In the wee hours of Saturday morning, KissAnime and KissManga, two major sites featuring illegal anime streams and manga scans, respectively, shut down, presumably forever. Stories attached to KissAnime’s closure state that it has to do with stricter Japanese copyright laws, though I haven’t seen any details that confirm as much. Whatever the reason, the deed is done, and a whole lot of anime fans are either rejoicing (in support of creators and the industry) or in mourning.
Some are also raging, particularly against those claiming some sort of victory, or at voice actors tweeting their approval. I jumped in the fray as well, making an observation from a Christian perspective:
Thank God that Kissanime is dead. Like literally.
Just from observation, I think Christians (and I mean ministry leaders, even PASTORS) used the service as regularly as anyone. The temptation of free anime is too strong. And so w/o effort, another hypocrisy leaves our lives.
— Twwk (@thetangles) August 15, 2020
But I hope that when a Christian goes to the sites and see it’s down that they’re convicted. “Maybe my actions should align better with my belief…even when it comes to anime. And perhaps all other things as well.”
— Twwk (@thetangles) August 15, 2020
I was surprised by the negative reaction to my tweets (with messages and replies coming in not only through Twitter, but via other platforms). Not so much from non-Christians, who will view KissAnime’s demise differently (and who have interesting points regarding the value of such sites), but from Christians—some confused, some bitter, and some even angry.
I understand the frustration. During my college years, when anime was hard to come by, I watched most of it through illegal means. But I also download thousands of mp3s, and music was most definitely not hard to access. I was finally convicted to do better when I became older, though even now, I’m not perfect.
But some of the vitriol, as well as the strength with which people justified their actions to me, was worrying. Christians should know their faith’s stance on following the law, particularly through verses sent to a church in the capitol of the empire that condemned and executed Christ (Romans 13:1-2). No, lack of knowledge doesn’t seem to a hindrance. Instead, the issue seems more to be where it is our affections lie. I’m not going to sit here and say that illegal streamers love anime more than Christ, but certainly our worship and our love is misplaced.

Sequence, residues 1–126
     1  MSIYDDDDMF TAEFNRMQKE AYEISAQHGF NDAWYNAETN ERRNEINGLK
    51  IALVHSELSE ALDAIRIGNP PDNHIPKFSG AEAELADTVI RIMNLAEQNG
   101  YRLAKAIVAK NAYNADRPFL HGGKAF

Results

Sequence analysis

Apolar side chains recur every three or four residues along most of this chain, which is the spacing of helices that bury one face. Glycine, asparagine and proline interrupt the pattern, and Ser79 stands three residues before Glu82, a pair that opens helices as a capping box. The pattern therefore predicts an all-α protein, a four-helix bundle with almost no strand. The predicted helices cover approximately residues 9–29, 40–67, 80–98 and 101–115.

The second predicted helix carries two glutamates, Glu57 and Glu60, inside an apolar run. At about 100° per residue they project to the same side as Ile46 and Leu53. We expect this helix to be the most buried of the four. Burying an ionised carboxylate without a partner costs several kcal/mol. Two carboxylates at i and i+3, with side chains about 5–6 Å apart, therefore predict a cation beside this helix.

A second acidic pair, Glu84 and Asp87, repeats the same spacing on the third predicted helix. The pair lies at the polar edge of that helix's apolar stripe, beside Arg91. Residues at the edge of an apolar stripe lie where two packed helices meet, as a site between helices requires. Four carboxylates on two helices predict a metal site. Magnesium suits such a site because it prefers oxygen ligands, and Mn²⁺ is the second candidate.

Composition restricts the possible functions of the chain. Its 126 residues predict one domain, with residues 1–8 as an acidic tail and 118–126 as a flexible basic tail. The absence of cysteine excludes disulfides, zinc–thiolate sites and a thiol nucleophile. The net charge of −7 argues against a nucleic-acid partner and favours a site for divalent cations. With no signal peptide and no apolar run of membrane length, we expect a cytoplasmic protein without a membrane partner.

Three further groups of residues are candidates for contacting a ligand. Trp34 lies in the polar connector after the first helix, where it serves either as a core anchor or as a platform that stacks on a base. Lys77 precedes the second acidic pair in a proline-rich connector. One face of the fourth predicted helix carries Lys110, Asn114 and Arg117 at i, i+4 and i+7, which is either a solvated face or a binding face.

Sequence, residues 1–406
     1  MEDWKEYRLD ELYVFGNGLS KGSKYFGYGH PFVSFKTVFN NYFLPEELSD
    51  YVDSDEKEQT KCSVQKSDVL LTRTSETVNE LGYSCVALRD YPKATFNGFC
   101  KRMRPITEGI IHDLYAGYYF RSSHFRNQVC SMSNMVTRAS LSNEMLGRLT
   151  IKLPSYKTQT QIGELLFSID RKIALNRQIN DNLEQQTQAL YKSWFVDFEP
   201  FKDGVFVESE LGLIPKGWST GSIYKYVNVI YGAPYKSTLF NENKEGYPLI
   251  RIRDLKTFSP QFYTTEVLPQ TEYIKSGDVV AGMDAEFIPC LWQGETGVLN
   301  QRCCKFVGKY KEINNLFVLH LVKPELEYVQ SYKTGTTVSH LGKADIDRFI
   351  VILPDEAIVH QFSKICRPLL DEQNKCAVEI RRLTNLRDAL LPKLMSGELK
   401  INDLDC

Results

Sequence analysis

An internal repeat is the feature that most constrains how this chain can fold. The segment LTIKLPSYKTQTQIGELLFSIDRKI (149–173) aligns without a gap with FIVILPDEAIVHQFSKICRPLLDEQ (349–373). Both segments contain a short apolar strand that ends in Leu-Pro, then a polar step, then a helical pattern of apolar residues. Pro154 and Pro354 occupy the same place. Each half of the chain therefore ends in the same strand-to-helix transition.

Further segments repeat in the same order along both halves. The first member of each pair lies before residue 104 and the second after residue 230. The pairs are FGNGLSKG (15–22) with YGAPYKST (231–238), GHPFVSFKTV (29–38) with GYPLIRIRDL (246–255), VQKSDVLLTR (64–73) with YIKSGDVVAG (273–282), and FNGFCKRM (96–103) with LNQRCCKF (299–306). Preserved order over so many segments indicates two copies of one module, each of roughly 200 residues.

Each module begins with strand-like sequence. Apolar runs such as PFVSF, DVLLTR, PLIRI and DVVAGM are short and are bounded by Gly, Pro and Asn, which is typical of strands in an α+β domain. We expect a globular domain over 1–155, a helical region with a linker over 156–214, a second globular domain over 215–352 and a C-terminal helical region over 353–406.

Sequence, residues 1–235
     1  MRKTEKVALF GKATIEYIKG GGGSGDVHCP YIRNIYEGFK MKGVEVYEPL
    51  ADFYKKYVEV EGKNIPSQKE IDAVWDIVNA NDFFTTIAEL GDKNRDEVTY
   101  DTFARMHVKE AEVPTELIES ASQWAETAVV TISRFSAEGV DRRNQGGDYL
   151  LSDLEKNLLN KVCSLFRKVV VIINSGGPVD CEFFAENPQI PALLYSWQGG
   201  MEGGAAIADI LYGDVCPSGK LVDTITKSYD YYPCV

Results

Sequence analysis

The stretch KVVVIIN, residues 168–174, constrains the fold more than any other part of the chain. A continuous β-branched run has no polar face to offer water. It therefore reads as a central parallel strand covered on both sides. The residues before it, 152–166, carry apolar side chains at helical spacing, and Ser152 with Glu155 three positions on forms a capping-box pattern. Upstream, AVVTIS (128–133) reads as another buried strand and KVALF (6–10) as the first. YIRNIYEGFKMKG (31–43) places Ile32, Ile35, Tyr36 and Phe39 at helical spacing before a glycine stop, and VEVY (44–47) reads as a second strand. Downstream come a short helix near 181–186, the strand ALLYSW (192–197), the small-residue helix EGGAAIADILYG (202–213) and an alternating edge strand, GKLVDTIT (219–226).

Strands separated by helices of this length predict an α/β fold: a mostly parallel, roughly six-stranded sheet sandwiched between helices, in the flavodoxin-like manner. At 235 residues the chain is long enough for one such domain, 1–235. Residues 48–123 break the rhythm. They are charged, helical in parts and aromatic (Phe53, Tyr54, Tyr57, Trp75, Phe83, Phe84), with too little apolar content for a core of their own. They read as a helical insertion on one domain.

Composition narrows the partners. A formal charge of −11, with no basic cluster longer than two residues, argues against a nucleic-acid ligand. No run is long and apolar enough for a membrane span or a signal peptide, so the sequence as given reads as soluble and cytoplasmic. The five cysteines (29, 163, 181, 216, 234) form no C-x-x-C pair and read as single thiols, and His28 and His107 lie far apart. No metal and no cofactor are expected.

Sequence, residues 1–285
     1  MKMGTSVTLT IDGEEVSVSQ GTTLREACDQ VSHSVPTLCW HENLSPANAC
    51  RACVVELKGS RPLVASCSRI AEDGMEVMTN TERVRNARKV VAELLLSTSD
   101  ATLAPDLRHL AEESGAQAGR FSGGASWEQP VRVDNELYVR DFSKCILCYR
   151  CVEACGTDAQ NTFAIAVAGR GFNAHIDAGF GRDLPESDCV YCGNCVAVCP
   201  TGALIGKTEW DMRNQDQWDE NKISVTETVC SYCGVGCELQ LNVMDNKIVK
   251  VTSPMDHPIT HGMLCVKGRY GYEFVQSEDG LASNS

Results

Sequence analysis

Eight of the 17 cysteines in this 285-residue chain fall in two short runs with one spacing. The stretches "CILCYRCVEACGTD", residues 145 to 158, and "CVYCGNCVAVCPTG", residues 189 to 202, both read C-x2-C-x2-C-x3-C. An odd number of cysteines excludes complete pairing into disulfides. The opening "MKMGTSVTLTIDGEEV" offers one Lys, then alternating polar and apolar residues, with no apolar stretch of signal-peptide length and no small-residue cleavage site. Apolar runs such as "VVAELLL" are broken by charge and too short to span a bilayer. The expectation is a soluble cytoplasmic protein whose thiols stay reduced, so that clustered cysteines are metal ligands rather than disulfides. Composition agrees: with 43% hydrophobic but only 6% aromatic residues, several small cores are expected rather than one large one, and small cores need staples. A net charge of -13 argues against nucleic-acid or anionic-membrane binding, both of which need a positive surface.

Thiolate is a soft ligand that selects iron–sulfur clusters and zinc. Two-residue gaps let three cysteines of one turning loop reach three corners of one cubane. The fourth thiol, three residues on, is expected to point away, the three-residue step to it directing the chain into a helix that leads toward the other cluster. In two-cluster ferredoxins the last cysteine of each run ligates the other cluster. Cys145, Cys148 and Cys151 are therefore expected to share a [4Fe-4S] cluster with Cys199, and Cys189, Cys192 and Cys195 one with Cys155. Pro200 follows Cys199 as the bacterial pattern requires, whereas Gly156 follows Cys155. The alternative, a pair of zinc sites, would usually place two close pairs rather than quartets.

God deserves our ultimate and full praise. When we worship, we’re expressing that he is worthy of everything we have to give. But when we sin, when we veer from his ways, we’re not giving him worship. That devotion goes somewhere else. Blinded by easy entertainment and our own wisdom, we fail to see the real treasure right before us, and so miss out on enjoying God as all we need, and failing to ascribe to him that honor as well.
Thankfully, if it’s still too much for you right now to watch anime only by legal means, you’ve been given a gift. The closing of KissAnime is richness to you, because that’s one less temptation, one less path by which you would go astray. It’s a little harder now, a little less convenient, and maybe enough to push you toward doing right. The Japanese law or whatever else compelled the owners of KissAnime to shut down took the giant leap for you; all you need now is to shuffle your feet a little ways further.
Again, it may not be easy, and it may not come overnight. And as also evidenced by my life, it may be a sloppy and imperfect transition. But I hope you’re convicted to at least try, because every part our lives—our relationships, our careers, and yes, even our streaming habits—are about him and for him. And for those of us called by his name, if we’re going to stream anime, there really is no other choice: We ought to stream it right.